A federal grand jury in Connecticut returned an indictment last month charging a former manager of leading aerospace engineering company Pratt & Whitney, Inc., and five executives of outsource engineering suppliers for participating in a long-running conspiracy to restrict the hiring and recruiting of employees among their respective companies. The conspiracy affected thousands of engineers and other skilled workers in the aerospace industry who perform services in the design, manufacturing and servicing of aircraft components for both commercial and military purposes. According to the felony indictment unsealed in U.S. District Court for the District of Connecticut, six individuals conspired with unnamed others to allocate employees by agreeing not to hire or solicit employees from each other’s companies. The defendants recognized the mutual financial benefit of reducing labor costs by hampering aerospace workers from finding new employment in a competitive environment. “Conduct that corrupts competition for workers has no place in our economy,” said Assistant Attorney General Jonathan S. Kanter of the Department of Justice’s Antitrust Division. “Our investigation revealed a prolonged and widespread scheme to deprive aerospace workers of the ability to plan their own careers and earn competitive pay.”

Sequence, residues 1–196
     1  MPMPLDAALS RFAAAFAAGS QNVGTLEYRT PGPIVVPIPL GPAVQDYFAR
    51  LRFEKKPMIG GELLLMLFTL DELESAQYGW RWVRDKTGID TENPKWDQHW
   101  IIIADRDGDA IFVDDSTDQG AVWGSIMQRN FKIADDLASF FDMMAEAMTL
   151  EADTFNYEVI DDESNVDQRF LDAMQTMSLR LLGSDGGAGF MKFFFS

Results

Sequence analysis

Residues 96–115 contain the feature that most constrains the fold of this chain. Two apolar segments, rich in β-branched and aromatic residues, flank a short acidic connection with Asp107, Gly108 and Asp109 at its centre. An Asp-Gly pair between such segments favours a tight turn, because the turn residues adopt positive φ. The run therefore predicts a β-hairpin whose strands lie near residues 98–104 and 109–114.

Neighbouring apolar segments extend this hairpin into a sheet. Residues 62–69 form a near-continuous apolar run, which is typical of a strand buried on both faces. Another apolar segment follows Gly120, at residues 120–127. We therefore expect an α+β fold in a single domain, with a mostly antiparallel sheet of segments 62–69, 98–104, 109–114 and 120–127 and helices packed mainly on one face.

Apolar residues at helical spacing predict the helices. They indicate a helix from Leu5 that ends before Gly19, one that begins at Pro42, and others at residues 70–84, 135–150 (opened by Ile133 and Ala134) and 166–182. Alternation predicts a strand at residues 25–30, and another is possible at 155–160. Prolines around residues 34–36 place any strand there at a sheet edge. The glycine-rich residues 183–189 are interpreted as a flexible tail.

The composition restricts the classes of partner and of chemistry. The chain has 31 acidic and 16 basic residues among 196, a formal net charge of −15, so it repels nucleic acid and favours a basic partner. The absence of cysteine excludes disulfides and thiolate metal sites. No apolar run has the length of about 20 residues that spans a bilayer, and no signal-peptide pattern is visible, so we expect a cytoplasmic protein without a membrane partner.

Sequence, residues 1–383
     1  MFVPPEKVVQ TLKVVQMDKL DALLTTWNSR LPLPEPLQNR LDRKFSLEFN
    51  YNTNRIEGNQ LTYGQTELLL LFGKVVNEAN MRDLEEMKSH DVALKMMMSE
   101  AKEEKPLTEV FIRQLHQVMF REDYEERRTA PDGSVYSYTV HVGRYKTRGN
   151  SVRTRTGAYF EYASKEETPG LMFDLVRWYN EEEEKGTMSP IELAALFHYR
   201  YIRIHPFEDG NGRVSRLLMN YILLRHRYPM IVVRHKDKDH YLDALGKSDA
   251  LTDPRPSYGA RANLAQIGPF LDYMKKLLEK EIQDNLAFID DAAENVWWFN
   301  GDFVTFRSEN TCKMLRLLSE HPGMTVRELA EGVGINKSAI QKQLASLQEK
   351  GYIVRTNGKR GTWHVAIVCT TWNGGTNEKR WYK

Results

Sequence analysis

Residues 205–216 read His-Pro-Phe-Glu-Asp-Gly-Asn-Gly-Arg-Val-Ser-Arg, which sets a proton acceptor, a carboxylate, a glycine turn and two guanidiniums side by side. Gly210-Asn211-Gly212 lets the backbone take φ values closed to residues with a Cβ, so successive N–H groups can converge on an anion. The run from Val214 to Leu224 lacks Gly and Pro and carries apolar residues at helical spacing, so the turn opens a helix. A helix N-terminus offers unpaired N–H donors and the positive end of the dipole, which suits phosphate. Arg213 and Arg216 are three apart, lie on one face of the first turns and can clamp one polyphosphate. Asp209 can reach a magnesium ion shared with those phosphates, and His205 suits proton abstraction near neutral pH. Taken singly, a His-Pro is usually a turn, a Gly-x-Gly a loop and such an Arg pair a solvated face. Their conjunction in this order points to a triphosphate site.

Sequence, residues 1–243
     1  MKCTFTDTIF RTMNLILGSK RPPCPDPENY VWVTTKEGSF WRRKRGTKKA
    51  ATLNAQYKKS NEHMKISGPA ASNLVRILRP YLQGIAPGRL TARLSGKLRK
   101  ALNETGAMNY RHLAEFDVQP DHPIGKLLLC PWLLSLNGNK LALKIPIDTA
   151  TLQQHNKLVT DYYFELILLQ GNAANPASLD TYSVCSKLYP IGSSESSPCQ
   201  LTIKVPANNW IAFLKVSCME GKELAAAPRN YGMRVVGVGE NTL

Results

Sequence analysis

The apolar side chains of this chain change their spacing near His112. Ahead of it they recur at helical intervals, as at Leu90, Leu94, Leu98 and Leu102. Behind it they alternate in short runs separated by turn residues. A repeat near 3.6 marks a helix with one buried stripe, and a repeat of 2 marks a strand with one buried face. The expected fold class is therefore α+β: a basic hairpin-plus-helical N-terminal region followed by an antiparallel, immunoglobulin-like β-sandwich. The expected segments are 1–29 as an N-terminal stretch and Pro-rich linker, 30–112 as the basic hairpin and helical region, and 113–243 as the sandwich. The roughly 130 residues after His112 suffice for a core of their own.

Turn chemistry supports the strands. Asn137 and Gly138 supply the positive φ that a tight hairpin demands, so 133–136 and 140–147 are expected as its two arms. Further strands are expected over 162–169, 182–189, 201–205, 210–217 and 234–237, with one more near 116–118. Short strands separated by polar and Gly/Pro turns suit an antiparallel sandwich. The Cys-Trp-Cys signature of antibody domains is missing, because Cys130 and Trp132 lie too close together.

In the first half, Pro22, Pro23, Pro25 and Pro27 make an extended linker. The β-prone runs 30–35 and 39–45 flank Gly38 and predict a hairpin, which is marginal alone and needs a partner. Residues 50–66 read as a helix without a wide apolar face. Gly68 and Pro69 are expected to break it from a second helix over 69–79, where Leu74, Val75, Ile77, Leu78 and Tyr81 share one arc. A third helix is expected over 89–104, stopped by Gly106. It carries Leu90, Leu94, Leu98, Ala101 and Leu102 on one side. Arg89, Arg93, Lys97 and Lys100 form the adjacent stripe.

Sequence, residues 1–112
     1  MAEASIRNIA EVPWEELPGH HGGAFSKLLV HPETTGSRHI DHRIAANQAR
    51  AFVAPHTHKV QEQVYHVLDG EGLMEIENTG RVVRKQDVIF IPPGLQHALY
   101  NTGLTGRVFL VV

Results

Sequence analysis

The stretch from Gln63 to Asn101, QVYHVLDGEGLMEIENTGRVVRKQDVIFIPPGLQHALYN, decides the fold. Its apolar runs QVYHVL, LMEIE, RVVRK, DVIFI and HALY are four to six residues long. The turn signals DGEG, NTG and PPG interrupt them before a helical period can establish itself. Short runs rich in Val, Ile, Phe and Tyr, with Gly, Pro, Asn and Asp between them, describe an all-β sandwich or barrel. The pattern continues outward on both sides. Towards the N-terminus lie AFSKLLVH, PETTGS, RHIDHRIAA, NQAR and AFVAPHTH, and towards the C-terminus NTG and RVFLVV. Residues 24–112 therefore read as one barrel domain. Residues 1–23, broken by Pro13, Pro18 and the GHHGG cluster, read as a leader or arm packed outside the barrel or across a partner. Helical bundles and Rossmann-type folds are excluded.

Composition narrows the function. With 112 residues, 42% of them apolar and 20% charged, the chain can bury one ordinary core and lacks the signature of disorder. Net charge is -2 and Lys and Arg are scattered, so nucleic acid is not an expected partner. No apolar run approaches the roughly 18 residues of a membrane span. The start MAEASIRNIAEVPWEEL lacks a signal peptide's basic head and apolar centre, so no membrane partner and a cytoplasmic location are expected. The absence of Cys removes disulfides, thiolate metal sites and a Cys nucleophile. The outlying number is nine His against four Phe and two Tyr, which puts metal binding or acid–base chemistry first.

Following the indictment, a jet engine mechanic formerly employed by Pratt & Whitney filed a class action suit in federal court in Connecticut against the company and five outsource engineer suppliers. The plaintiffs seek damages as a result of the alleged conspiracy to suppress labor costs and hamper employees’ career prospects using illegal no-poach agreements in violation of antitrust laws (David Durbin v. Pratt & Whitney, Inc., et al., No. 3:21-cv-1682, D. Conn.). The other named defendants include Quest Global Services-NA, Inc; Belcan LLC; Cyient, Inc.; Parametric Solutions, Inc.; Agilis Engineering, Inc.; and a number of individuals.